I don’t want to get into the whole “global warming / climate change” topic TOO much now, because I am still planning a series of posts about it. But, I thought this article in Germany’s Der Spiegel was worth bringing up.

According to studies by the Hadley Centre for Climate Prediction and Research in Great Britain (known for being strongly pro-global warming), “the world grew warmer by 0.07 degrees Celsius from 1999 to 2008 and not by the 0.2 degrees Celsius assumed” by UN studies. After adjustments for “El Niño and La Niña, the resulting temperature trend is reduced to 0.0 degrees Celsius — in other words, a standstill.” How embarrassing! And somewhat ironic that these findings have been published so close to December’s UN Climate Change Conference in Copenhagen.

Climate Change "Standstill" Graphs

One very interesting concession is that “Even though the temperature standstill probably has no effect on the long-term warming trend, it does raise doubts about the predictive value of climate models….” For one thing, the validity of the whole “global average temperature” concept is questionable, given that the weather/climate system of the planet is so complex. Although there are over 500 weather stations in the global temperature-monitoring network (mostly erected in the past couple decades, as I recall), there are still blind-spots like the “Arctic hole”. So, our readings are, at best, incomplete.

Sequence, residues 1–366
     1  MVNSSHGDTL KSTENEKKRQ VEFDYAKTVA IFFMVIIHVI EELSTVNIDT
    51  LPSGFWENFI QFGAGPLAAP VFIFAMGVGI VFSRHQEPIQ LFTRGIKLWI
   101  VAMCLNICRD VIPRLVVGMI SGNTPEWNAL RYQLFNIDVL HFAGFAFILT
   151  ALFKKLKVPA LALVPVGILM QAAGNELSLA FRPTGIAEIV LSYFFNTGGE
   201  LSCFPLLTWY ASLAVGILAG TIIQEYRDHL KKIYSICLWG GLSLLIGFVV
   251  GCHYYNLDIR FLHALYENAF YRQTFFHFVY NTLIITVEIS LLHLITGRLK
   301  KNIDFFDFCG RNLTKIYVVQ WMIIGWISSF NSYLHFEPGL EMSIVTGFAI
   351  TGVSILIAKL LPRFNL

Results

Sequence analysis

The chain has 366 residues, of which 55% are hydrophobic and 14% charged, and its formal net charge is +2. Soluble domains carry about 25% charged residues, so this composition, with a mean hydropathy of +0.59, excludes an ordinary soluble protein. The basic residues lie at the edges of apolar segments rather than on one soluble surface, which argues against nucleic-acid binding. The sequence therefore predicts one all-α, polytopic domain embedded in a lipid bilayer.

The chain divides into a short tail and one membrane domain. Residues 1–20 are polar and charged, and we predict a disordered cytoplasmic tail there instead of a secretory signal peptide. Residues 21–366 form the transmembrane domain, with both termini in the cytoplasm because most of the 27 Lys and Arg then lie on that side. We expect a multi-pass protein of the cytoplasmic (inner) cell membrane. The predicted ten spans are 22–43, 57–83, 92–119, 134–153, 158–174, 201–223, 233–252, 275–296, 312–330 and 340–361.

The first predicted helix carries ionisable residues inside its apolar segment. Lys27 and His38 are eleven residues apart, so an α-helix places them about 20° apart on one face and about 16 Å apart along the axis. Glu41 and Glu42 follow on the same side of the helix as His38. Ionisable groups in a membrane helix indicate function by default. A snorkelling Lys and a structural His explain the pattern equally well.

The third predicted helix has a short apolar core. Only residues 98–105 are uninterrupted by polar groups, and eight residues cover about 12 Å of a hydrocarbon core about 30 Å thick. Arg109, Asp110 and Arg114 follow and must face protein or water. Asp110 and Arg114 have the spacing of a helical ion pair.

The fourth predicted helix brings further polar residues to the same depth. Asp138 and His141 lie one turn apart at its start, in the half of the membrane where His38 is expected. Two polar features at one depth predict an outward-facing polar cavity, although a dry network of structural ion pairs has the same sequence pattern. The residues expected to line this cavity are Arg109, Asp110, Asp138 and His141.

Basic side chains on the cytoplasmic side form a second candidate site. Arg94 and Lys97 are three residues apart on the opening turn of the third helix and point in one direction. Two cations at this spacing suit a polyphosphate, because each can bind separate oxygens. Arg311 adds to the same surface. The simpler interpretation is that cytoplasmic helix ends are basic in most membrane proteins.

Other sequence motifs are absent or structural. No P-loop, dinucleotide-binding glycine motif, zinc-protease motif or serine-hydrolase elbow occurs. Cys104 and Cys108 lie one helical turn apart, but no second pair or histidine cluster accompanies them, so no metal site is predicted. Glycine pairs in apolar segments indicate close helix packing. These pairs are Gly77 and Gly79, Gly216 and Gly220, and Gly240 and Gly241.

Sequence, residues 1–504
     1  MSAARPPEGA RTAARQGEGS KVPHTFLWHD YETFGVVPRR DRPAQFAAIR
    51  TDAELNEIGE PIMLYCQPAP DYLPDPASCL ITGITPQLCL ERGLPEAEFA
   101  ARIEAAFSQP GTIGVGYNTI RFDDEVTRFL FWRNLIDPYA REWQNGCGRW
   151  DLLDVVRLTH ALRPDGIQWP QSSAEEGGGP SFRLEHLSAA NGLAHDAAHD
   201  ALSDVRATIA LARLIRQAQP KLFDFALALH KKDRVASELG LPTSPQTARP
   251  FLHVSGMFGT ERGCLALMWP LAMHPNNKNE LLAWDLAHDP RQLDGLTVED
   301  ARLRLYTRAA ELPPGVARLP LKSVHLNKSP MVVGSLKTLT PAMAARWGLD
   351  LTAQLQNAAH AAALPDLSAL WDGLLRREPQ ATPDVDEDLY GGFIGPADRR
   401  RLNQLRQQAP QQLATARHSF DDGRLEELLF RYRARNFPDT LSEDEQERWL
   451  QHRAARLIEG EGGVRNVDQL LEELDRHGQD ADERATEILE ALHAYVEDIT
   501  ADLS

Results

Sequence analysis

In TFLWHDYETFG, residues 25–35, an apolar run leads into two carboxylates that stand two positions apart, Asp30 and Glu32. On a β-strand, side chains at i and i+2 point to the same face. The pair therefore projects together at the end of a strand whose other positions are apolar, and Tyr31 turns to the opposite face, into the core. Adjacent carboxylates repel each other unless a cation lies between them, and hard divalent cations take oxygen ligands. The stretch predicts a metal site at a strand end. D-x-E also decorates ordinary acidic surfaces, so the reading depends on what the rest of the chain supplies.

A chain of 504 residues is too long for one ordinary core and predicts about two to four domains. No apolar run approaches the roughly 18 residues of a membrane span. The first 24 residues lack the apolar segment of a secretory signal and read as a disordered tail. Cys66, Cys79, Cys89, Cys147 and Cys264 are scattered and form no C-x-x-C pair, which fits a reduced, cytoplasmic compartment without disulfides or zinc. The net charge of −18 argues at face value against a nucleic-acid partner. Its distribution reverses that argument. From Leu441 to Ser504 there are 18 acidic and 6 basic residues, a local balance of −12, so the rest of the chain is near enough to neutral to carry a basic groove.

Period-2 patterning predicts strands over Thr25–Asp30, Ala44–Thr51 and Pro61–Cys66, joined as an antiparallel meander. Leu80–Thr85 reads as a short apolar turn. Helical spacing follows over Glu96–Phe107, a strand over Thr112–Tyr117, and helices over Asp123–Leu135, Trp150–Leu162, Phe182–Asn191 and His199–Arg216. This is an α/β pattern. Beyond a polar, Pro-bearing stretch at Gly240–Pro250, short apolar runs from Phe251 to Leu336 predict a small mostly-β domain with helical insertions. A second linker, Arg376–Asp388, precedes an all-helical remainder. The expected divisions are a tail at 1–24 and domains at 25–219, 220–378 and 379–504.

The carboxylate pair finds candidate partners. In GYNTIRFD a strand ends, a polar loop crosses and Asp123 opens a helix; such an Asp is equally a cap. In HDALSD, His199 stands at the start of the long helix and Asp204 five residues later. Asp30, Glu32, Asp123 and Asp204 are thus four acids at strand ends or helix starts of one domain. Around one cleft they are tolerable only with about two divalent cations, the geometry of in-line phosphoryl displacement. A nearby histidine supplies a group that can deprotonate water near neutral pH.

As meteorologist Mojib Latif of the Leibniz Institute (and others) points out, “We have to explain to the public that greenhouse gases will not cause temperatures to keep rising from one record temperature to the next, but that they are still subject to natural fluctuations.” There are many natural factors — e.g., cyclic ocean currents, volcanic eruptions, solar activity, etc. — and scientists like Latif differ in opinion as to which has had the biggest affect on the recent stagnation. But, perhaps such candor is a sign of a corner being turned in the global warming / climate change debate?…

Advertisements

Leave a Reply

Fill in your details below or click an icon to log in:

WordPress.com Logo

You are commenting using your WordPress.com account. Log Out / Change )

Twitter picture

You are commenting using your Twitter account. Log Out / Change )

Facebook photo

You are commenting using your Facebook account. Log Out / Change )

Google+ photo

You are commenting using your Google+ account. Log Out / Change )

Connecting to %s